Statement of the Problem: This project will investigate the degree to which gunshot detection technology (GDT) aids in the response, investigation, and prevention of firearms violence and related crime. While the ability of the technology to detect firearm discharges is well established through prior NIJ-funded research, no rigorous research to date has documented the implementation, use, and impact of GDT on desired firearms violence reduction outcomes.
Subjects: Milwaukee, WI; Denver, CO; and Richmond, CA.
Partnerships: ShotSpotterTM SST, Inc., The Police Foundation, and the referenced cities.
Research Design and Methods: The Urban Institute (Urban) will examine the impact of GDT on firearms violence and related crime as measured by reported crime, arrests, calls for service, and response times. Structural break time series and difference-in-differences (DiD) analyses (employing matched comparison areas) will measure if firearms violence and related crimes declined in the areas served by the technology. Qualitative data on GDT deployment and use will complement this empirical inquiry. Research questions are:
1. How are GDT systems employed by law enforcement for crime control and prevention purposes?
2. To what degree does GDT use reduce response time, enhance investigations, increase case clearances, support prosecutions, improve police-community relations, and reduce gun violence?
3. Has GDT use resulted in spatial displacement of crime or diffusion of benefits?
4. What is the cost of GDT deployment, maintenance, training, and use in relation to its benefits in crime reduction?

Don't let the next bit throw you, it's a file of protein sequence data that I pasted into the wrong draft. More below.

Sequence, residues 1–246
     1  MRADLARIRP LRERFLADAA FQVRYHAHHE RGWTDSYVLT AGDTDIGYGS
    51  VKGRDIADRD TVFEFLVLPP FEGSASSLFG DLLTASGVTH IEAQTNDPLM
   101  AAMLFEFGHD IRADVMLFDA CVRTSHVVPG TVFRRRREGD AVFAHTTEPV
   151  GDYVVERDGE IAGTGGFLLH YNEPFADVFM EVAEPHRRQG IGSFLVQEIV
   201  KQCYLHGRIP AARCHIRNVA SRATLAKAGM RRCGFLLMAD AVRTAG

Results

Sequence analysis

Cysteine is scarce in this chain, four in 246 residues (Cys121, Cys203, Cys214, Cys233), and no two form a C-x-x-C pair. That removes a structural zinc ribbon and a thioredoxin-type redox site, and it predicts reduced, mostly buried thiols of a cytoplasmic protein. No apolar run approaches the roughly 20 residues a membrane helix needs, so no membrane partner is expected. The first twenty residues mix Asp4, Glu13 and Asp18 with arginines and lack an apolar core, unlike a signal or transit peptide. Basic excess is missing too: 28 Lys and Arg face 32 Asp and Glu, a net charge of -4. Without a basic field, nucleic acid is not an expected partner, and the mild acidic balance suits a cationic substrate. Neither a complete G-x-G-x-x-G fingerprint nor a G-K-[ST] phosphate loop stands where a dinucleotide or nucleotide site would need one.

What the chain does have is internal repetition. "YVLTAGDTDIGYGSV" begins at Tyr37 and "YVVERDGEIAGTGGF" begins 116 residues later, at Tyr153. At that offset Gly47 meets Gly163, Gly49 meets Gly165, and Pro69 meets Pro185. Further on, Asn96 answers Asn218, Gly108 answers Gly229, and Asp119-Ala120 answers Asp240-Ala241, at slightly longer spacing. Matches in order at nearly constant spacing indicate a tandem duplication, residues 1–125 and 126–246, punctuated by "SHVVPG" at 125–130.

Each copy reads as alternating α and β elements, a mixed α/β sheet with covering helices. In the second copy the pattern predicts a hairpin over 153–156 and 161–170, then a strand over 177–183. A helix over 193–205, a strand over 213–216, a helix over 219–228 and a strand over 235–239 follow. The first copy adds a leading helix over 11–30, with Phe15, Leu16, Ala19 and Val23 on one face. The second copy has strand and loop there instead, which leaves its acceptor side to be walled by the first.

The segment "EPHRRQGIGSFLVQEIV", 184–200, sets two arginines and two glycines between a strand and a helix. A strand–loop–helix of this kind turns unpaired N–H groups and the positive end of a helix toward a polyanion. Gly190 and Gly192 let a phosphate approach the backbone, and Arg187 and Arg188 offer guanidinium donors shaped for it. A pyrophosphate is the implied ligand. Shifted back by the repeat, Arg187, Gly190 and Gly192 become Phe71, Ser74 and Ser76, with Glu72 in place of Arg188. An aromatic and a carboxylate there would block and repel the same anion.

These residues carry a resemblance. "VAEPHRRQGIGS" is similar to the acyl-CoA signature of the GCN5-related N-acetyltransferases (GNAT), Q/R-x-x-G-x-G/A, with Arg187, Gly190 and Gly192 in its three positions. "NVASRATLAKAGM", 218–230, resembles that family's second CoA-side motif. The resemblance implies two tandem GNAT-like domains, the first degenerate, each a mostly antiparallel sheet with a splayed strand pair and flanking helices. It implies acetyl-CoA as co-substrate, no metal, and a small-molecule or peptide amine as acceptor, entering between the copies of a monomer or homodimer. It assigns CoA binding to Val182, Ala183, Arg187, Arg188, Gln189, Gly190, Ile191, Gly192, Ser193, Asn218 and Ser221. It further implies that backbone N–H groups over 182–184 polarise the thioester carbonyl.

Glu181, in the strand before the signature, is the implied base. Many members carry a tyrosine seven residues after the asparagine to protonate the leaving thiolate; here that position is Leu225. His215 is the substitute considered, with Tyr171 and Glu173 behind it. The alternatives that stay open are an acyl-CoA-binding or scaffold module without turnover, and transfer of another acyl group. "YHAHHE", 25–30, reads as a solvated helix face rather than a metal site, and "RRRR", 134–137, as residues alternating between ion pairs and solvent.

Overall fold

Analysis: Data will be analyzed through: (1) Structural break analyses of response times, case clearance rates, gun-related reported crimes, and calls for service in areas covered by GDT sensors; (2) DiD analyses of changes in gun crimes in GDT coverage areas versus comparison areas matched on historical crime rates, land use, and demographic characteristics; (3) Spatial and weighted displacement quotient analyses of gun-related crime trends in 500- and 1,000-foot buffers surrounding GDT deployment areas; and (4) Qualitative analysis based on interviews with law enforcement and community stakeholders to inform how GDT is used and provide context with which to interpret findings as well as to explore other impacts, including firearm-related investigations and prosecutions. Cost-benefit analyses will assess whether the benefits in crime reduction associated with GDT outweigh the costs of the technology.
Products: Urban will provide a final summary overview, deliver presentations to both researcher and practitioner audiences, and submit journal articles. Data and documentation will be submitted for data archiving after removing identifying information.
This project contains a research and/or development component, as defined in applicable law.